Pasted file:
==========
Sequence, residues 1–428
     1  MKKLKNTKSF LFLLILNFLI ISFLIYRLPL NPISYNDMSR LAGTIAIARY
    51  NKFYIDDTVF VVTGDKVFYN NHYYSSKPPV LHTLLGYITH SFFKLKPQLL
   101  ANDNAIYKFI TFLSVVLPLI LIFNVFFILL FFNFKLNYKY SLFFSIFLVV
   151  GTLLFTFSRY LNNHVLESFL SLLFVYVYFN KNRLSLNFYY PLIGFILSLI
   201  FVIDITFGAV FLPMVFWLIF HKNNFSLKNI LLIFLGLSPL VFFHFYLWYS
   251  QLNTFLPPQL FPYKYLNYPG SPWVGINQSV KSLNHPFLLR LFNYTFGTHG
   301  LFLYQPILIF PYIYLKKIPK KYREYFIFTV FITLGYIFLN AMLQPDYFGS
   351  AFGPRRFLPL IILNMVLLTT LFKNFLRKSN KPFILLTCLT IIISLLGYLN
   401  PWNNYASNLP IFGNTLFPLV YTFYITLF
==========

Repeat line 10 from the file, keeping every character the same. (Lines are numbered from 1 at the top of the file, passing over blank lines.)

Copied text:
   401  PWNNYASNLP IFGNTLFPLV YTFYITLF